Key projections 39 formed on the socket on the inner surface of the collar 12 and projecting toward the hole center Z serve as key elements. An inner surface 40 of the inner part cylindrical projection 27 is formed with key recesses 41, also termed key windows, corresponding to the projections 39. The lamp base 11 can only be inserted into the socket 10 when the number and orientation of the key recesses 41 of the lamp base 11 correspond at least to the key projections 39 of the socket 10. The lamp types admissible for a socket can be characterized by the key protections 39. The key recesses 41 formed on the lamp base 11 also characterize a lamp type. With this key system light fixtures can be provided with sockets 10 that only allow use of a predetermined lamp type or of a group of lamp types compatible with each other.

FIGS. 5 and 6 schematically show the cooperation of the lamp keys 31 and socket keys 26 in two examples. FIGS. 5 and 6 are schematic sectional views parallel to the socket floor 14 through the socket 10 with the inserted lamp base 11, only the area of the central hole 17 with the central plug 29 fitting in it being shown.

FIG. 6 shows the lamp key 31 and the socket key 26 according to FIGS. 1 and 2. This corresponds to the key pair 7 according to FIG. 7. The lug 25 is shown in dotted lines and hatched. The lamp base 11 is inserted into the socket 10 in the position of dotted-line lug 25 at the cutout 30. Then lamp base 11 is turned in the rotational sense V so that the lug 25 is now in the hatched position. The lamp base 11 is locked in the socket 10.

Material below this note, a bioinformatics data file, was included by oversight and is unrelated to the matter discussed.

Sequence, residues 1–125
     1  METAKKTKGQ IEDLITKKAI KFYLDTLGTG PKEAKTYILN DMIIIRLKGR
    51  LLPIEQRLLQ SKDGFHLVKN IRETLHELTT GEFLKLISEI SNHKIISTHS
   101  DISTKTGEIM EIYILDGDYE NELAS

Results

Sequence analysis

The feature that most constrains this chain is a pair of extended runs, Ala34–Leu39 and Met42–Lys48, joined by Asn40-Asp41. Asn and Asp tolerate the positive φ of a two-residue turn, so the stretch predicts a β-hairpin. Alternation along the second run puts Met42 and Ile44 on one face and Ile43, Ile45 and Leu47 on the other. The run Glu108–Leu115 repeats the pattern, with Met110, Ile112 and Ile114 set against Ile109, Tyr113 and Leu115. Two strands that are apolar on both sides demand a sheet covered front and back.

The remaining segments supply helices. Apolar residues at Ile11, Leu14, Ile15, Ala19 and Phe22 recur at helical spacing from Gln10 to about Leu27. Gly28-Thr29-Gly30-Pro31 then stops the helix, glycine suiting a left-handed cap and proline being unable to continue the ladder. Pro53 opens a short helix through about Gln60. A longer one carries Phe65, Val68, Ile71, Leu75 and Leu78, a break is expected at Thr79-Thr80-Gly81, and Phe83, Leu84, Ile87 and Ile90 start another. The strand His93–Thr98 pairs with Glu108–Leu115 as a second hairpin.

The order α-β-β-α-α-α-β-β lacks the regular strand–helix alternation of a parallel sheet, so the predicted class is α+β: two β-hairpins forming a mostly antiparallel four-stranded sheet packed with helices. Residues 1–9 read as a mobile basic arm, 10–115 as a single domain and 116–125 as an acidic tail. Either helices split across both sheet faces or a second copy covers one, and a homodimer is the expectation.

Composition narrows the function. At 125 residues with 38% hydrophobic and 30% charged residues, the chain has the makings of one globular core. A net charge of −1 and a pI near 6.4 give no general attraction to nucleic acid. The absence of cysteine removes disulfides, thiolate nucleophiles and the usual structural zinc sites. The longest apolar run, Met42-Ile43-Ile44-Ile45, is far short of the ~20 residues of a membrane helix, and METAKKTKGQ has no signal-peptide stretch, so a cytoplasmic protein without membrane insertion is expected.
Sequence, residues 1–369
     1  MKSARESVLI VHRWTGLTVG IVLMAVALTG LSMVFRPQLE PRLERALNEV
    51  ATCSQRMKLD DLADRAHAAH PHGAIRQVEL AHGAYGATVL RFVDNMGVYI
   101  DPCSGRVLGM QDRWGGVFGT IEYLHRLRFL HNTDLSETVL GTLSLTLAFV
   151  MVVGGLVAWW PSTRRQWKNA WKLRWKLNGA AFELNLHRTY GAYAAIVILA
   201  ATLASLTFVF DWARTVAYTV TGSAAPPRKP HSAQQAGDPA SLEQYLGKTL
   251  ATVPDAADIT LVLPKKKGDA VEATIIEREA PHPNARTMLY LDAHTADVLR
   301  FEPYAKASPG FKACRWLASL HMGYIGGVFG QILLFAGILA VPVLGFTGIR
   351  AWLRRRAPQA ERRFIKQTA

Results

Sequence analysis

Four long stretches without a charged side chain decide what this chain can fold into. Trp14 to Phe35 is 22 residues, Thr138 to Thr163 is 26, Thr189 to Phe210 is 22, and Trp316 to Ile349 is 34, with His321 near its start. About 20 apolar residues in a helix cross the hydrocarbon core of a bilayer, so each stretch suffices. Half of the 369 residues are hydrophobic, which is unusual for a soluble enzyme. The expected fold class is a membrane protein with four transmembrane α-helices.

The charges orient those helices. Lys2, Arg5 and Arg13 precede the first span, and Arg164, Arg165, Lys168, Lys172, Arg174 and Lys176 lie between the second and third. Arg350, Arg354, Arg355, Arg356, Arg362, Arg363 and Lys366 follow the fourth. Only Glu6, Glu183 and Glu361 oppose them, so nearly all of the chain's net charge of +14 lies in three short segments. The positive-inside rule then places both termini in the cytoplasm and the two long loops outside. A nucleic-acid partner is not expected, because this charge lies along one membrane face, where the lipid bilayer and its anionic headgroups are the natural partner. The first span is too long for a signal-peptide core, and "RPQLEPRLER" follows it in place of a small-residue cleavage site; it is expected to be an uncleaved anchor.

FIG. 5 shows the socket 10 with all conceivable key lugs 25 (identified at 2 to 7 corresponding to key pairs 2 to 7 in FIG. 7), in which a key plug 29 of the key pair 2 is inserted. Again, the lug 25 of the key pair 2 is shown in dotted lines in the starting position. The hatched view of the key lug 2 corresponds to the locked position. To this end the key plug 29 of the lamp base 11 has been turned relative to the socket 10 in the rotational sense V (retaining direction).

Comparison of FIGS. 5 and 6 shows that a key plug 29 of key size 7 can not fit into a socket that has a key lug 25 of sizes 2 to 6. This is ensured by the previously described particular nature of retaining formations 15 and retaining formations 19 that ensure that the socket 10 and the lamp base 11 can be fitted together only in a one relative angular position.

In a concrete embodiment of the invention the lamp key 31 and the socket key 26 are designed in such a manner that there is a total of seven key pairs as shown in FIG. 7. There is therefore the possibility of associating a key pair with each of seven different lamp wattage ranges.

FIG. 7 shows the socket 10 and the lamp base 11 of the particular key pairs always in a typical alignment and in the end position of the socket. This can be readily recognized from the particular triangular symbol 37.

It must be imagined for the interfitting of the socket 10 and the lamp base 11 that the lamp base 11 of each key pair is fitted into the socket 10 by counterclockwise pivoting relative to the view plane.